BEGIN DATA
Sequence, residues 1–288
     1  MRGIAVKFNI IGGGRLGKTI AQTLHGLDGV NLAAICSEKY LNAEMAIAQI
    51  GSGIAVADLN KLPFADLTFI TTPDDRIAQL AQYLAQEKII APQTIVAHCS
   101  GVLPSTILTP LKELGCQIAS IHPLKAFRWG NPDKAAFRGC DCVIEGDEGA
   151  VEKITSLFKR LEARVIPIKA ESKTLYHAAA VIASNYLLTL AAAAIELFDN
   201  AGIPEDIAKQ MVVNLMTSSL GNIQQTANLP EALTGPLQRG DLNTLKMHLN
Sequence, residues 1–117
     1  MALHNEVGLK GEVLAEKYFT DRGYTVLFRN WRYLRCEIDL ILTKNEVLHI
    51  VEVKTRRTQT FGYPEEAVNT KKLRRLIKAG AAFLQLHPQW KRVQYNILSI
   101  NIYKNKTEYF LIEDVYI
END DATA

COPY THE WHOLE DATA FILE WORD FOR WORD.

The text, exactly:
Sequence, residues 1–288
     1  MRGIAVKFNI IGGGRLGKTI AQTLHGLDGV NLAAICSEKY LNAEMAIAQI
    51  GSGIAVADLN KLPFADLTFI TTPDDRIAQL AQYLAQEKII APQTIVAHCS
   101  GVLPSTILTP LKELGCQIAS IHPLKAFRWG NPDKAAFRGC DCVIEGDEGA
   151  VEKITSLFKR LEARVIPIKA ESKTLYHAAA VIASNYLLTL AAAAIELFDN
   201  AGIPEDIAKQ MVVNLMTSSL GNIQQTANLP EALTGPLQRG DLNTLKMHLN
Sequence, residues 1–117
     1  MALHNEVGLK GEVLAEKYFT DRGYTVLFRN WRYLRCEIDL ILTKNEVLHI
    51  VEVKTRRTQT FGYPEEAVNT KKLRRLIKAG AAFLQLHPQW KRVQYNILSI
   101  NIYKNKTEYF LIEDVYI